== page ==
Often companies see recruitment as a stop-gap to quickly fill a void. However, recruitment must be seen as a long-term model that forms part of fulfilling components of the company strategy.

Look for any interests, sports or volunteer initiatives that the candidate participates in – this usually indicates loyalty, and been invested in a cause or team. This type of candidate would typically have a mindset that is loyal and committed.

 

2. Give your employees honest feedback.

People want to feel that they are winning at work and that their skills and capabilities are making a difference to the company they work for. It creates a deep sense of purpose and belonging.

Provide detailed feedback to your employees and celebrate their wins and successes with them – after all everyone is working collaboratively towards the company achieving its goals. Relaying positive feedback instils pride amongst employees and their peers and managers. It encourages them to repeat positive behaviours that result in high levels of employee engagement.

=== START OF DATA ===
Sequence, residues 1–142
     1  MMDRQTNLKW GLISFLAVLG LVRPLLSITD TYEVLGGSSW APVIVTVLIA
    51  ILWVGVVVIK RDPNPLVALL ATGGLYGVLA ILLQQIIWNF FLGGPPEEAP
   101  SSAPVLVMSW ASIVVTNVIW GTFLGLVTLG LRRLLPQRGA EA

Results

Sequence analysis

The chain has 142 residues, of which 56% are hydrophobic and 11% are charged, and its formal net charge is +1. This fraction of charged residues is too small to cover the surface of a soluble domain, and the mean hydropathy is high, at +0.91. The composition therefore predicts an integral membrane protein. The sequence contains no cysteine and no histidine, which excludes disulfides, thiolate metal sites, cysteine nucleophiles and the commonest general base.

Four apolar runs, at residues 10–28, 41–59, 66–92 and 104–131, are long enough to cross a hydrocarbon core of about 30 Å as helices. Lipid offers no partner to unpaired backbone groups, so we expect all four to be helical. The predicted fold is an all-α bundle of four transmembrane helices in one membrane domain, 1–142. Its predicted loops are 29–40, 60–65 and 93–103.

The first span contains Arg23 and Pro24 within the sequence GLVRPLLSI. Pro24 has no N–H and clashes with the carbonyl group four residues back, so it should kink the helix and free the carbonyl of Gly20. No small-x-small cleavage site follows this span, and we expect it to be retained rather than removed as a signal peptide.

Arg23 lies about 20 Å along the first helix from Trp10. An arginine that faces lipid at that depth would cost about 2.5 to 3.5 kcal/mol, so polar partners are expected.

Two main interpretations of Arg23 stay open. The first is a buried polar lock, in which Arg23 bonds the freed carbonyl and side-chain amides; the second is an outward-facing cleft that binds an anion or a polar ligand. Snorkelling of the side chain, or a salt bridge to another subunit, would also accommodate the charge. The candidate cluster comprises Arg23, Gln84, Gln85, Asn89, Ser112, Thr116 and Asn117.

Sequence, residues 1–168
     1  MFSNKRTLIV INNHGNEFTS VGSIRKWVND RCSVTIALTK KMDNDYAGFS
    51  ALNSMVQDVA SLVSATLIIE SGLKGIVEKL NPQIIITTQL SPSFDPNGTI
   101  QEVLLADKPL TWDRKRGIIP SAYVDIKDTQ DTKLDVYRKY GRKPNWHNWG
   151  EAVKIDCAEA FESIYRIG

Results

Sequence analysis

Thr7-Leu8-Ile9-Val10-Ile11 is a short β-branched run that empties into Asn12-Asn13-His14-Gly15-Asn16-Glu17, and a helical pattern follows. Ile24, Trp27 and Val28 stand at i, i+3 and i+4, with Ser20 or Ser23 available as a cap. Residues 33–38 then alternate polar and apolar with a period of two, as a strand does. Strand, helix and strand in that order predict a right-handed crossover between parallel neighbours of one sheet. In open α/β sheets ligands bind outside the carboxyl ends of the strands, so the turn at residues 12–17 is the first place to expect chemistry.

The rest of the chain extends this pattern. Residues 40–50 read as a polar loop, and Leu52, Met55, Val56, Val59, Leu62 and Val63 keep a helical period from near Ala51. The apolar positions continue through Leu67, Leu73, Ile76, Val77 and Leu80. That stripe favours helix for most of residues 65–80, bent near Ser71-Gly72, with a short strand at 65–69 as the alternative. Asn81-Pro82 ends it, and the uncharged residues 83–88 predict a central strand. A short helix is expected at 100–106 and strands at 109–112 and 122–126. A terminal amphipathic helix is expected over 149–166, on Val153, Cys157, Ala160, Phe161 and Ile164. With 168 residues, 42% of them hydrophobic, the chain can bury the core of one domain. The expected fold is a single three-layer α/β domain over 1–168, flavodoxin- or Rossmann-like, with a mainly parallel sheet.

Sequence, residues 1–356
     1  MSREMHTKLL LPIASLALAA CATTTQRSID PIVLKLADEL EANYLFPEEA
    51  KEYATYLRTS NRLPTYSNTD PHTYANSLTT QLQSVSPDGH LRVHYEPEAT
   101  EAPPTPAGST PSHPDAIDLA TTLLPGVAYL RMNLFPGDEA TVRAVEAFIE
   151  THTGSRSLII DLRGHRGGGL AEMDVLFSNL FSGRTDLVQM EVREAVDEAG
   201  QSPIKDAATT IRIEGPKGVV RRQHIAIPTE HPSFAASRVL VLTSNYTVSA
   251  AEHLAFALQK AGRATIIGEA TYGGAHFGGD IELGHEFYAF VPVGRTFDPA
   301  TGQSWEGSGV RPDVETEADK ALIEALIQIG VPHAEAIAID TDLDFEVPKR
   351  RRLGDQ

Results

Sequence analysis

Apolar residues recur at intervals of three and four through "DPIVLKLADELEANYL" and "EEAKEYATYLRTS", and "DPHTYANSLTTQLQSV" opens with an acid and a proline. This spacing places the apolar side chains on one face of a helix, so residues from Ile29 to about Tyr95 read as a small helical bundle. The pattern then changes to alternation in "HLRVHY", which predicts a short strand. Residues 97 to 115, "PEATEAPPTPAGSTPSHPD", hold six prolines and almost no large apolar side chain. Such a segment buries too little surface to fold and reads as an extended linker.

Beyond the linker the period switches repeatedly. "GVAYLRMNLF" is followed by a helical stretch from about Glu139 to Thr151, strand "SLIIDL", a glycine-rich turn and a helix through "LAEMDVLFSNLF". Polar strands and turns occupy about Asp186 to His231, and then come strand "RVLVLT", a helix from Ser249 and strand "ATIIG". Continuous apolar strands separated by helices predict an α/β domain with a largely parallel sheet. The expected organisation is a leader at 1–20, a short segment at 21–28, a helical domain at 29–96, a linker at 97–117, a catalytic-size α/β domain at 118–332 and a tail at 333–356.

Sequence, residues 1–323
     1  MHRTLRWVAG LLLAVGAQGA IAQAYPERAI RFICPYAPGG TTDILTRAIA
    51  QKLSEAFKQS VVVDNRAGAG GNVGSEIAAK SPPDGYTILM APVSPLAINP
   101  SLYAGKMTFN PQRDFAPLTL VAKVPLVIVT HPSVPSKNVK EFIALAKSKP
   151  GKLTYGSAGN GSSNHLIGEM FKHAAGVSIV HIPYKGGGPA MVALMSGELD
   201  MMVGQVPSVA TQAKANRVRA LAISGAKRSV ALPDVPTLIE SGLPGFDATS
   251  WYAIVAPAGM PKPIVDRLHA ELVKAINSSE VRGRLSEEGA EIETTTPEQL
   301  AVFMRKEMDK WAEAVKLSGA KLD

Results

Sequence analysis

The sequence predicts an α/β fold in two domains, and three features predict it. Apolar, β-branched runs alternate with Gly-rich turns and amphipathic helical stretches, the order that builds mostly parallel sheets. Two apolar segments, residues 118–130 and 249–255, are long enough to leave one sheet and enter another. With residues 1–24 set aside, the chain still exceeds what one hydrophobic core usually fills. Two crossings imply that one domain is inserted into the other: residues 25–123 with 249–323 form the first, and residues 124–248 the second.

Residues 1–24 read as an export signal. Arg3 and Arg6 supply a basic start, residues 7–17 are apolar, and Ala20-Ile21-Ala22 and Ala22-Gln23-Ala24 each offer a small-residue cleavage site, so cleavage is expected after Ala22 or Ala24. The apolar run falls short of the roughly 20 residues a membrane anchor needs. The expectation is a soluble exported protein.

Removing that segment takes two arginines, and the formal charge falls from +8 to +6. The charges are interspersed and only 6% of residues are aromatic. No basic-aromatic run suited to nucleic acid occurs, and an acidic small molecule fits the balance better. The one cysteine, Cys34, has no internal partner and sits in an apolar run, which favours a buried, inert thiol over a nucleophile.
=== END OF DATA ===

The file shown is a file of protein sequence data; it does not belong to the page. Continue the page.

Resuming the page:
3. Let the robots be robots and the people be people.

Nobody thinks fondly of a company who expects employees to check their emails after hours or during public holidays – don’t be that company. Coach your managers to encourage a good work-life balance to avoid burnout and elevated stress levels as well as to maintain the effective production of high-quality work. Keep them operating at optimal efficiency by encouraging mini-breaks at the office, or implement a rule that no lunch can be eaten at desks to prompt them to move around or get some fresh air to properly recharge and avoid the mid-day slump. Every now and then, the office could close an hour earlier in lieu of a public holiday the following day, but whatever you do you’ll maintain a balance that your employees will love you for – helping strengthen the loyalty with your company.